Adopting new ways to boost MSME credit

B Yerram Raju | Updated on October 26, 2019

Funding project clusters and taking collective credit guarantees can make a difference

This month, bankers moved to shamiana camps in the districts for mass lending to entrepreneurs in MSME and retail segments, in keeping with orders from the Ministry of Finance. The MSME entrepreneurs are holding their breath going by their experience with MUDRA and 59Minute Loans!

Bankers of the current generation have no experience in loan melas of the 1980s managed by the then minister of state for finance Janardhana Poojari, who was keen to push the Integrated Rural Development Programme. Floodgates to credit indiscipline were opened at that time. That was followed by loan waivers in the farm sector. That situation can, however, be averted now.

Credit to micro and small enterprises has fallen significantly in the last five years. Can the clock be reversed now? Will the banks be able to quench the MSMEs’ demand for debt? Can they offer a bouquet of viable implementable schemes with investments ranging from Rs 5-200 lakh that have potential for growth in the districts where they hold these camps? The answer is ‘yes’.

Banks should be aware by now that the clients do not have balance sheets that are amenable to lending. Yet, it is possible to accelerate lending to MSMEs, particularly in the manufacturing sector. Here are some steps that banks should follow:

  • Understand the enterprise and environment
  • Understand the entrepreneur
  • Segment the entrepreneurial traits
  • Find out the lifestyle of the entrepreneur
  • Use data on entrepreneur and enterprise
  • Share among peers
  • Differentiate by risk-based lending rates

Cluster approach

Perverse incentives for long have prevented the horizontal growth of MSMEs. Scaling up consequently suffered. A transition from micro to small and small to medium just did not take place, save exceptions. Hence, cluster projects should be set up. By doing so, there is a reasonable chance of reducing adverse selection. They can select entrepreneurs who have an appetite for projects of small size with forward and backward linkages.

If they set up clusters, they can also cross-hold risks and enable entrepreneurs to get into sustainable ventures from the very first year. They should, however, set up monitoring instruments and get feedback on a continuing basis. Every enterprise shall be set up with a computer and customised ow-cost ERP software and the cost of it should be incorporated in the overall project cost.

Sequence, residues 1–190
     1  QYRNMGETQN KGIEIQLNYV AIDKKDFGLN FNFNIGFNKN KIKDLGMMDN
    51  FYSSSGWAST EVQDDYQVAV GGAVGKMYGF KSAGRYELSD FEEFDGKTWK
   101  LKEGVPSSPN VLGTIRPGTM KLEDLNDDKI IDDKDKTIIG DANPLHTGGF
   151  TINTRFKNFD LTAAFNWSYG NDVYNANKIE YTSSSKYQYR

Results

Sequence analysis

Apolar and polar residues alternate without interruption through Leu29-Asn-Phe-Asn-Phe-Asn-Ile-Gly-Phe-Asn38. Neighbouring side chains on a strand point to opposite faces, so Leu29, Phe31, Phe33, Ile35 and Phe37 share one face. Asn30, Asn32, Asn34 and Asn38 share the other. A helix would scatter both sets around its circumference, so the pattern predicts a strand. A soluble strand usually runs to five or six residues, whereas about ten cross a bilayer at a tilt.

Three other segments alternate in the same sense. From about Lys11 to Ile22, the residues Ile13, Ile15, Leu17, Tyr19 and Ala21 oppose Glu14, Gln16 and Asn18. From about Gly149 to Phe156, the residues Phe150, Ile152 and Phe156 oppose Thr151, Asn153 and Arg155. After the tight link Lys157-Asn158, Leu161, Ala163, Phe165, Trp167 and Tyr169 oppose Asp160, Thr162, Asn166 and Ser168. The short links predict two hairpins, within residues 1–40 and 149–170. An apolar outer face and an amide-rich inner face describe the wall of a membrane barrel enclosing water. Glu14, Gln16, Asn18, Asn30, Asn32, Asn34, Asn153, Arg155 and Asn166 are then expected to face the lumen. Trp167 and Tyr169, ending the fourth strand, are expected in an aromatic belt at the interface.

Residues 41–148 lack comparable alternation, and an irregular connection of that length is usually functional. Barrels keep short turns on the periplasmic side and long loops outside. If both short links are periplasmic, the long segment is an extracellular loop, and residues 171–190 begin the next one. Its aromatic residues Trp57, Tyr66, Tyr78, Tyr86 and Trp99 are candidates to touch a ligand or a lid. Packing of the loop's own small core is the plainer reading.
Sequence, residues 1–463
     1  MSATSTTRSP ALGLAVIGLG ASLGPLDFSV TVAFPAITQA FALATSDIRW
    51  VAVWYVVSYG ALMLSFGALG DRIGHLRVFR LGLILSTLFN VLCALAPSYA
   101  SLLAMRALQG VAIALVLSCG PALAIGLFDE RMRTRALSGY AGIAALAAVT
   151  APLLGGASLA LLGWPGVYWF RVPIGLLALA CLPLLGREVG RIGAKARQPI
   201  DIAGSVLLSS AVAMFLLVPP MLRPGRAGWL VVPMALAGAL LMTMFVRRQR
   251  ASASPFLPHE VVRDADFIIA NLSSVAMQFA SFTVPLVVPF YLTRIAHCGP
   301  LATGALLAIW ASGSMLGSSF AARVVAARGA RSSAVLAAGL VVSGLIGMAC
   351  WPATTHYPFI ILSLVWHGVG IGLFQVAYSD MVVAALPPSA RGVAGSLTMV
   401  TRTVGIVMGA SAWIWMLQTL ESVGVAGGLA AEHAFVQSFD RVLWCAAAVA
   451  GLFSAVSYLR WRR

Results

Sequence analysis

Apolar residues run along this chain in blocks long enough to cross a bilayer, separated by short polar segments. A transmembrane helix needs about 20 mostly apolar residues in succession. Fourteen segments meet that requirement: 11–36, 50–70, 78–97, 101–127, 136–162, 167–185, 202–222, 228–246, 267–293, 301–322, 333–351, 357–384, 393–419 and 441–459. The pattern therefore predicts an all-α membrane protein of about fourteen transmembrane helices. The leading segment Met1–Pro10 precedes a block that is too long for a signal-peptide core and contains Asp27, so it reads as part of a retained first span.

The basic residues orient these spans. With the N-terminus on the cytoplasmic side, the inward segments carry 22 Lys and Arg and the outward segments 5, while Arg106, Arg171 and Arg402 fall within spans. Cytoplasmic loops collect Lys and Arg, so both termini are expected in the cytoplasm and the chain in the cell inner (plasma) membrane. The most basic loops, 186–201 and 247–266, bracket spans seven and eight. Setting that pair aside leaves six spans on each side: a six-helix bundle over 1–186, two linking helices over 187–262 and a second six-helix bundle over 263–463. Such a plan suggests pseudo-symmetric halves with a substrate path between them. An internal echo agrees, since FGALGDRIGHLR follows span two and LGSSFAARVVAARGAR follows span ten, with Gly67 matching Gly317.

Since banks do not have adequate manpower, they should plan to take the services of accredited institutions like the Industrial Health Clinics wherever established, or cost accountant and chartered accountant firms that have full knowledge and understanding of the MSMEs.

Start-ups in manufacturing are aspirational and technology savvy compared to the previous generation, and may also carry less risk. Hence, they can be offered loans at low rate of interest compared to older-generation entrepreneurs. If the old generation entrepreneurs have a vision and planned succession, they also can be offered a similar rate of interest. While interest rate has significant impact in production of goods in a competitive market, service sector entrepreneurs will be able to absorb higher interest if they are given credit on time. They recover such costs in the pricing of services.

Most enterprises come with least collateral or inadequate collateral. Banks should pool the assets and take guarantees on a portfolio basis in such situations, with the CGTSME (Credit Guarantee Fund Trust for Small and Micro Enterprises).

The advantage is that they don’t have to proceed legally against any individual failed asset in the portfolio but can still put up their claim once they notice that the asset has turned into an NPA despite their best efforts. This will reduce moral hazard. There is hope even in these adverse times for banking and the economy.

The author is an economist and risk management specialist. The views expressed are personal and are part of a presentation made at the SME SURGE event held by the Hindu Business Line on September 27, 2019

Published on October 26, 2019

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